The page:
Canada

Stimulus spending lacks transparency: budget watchdog

The Harper government has been so stingy with details about its efforts to stimulate Canada's stuttering economy, it's impossible to tell if they've had any impact, the parliamentary budget watchdog says.

The Harper government has been so stingy with details about its efforts to stimulate Canada's stuttering economy, it's impossible to tell if they've had any impact, the parliamentary budget watchdog says.

In a report released late Friday, Kevin Page's parliamentary budget office says quarterly report cards issued by the Canadian government fall far short of the transparency and detail provided in the United States.

That has made it difficult to track where the $12 billion in stimulus funding has gone and whether it's had any effect on economic growth or job creation.

The government claims its stimulus funding, announced in last January's budget, will increase economic growth by 1.9 per cent and create 220,000 jobs.

But Page's office says that is impossible to prove, given the skimpy details the government has provided and the inherent uncertainty involved in trying to assess what the economy would have been like had there been no stimulus measures.

"This means that at the current time it remains unclear as to whether the domestic fiscal stimulus enacted thus far has been a major causal factor in the recent stabilization of some indicators of economic activity in Canada," the report concludes.

"Similarly, it cannot be conclusively ruled out that the stimulus has mattered to date (or will matter in the future) in the aggregate or for specific sectors, such as financial markets."

Page's office says the government will have to adopt the more transparent approach used in the U.S. if it wants a more conclusive analysis.

Among other things, it says the government will have to start making a distinction between money that's been committed and money that's actually been spent, as is done in the U.S.

And it will have to be more consistent in its presentation of quarterly results. The watchdog says it has been almost impossible to track some of the funds because the government keeps reclassifying or changing the names of stimulus programs from one report card to the next.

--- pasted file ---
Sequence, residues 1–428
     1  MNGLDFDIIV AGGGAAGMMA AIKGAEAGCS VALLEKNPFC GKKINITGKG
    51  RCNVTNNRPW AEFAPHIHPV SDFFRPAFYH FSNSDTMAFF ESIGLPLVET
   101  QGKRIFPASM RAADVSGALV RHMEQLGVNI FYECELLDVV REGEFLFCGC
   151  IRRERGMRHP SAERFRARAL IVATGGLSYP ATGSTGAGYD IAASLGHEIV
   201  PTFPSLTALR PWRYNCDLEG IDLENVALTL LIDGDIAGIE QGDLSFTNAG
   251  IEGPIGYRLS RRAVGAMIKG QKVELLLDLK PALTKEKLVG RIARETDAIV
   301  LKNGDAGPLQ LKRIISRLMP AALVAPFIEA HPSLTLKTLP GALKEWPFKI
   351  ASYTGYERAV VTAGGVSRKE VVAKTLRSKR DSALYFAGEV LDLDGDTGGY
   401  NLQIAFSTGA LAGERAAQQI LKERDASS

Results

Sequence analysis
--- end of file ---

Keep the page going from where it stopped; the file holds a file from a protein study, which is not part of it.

The government has been relatively thorough in disclosing all relevant details about small stimulus measures, such as support for shipbuilding and enhanced work-sharing flexibility.

But Page's office says there's been "a lack of disclosure regarding some of the larger and higher risk aspects of the stimulus package, in particular infrastructure spending."

Liberal infrastructure critic Gerard Kennedy calculated recently that only 12 per cent of infrastructure stimulus funds are actually flowing. He's uncovered dozens of projects that the government has announced with great fanfare but on which no work has actually been done.

Transport Minister John Baird, who is responsible for infrastructure programs, has scoffed at opposition demands for greater transparency in reporting where the stimulus cash is going.

He's suggested he'd rather spend money on real infrastructure projects than a fancy website such as that sponsored by the U.S. government.

A spokesman for Baird insisted the government is transparent, posting projects on its website the moment they're announced publicly.

"Our focus is getting projects approved and creating jobs," said Chris Day.

"We will continue to report on our progress to Parliament."

 

now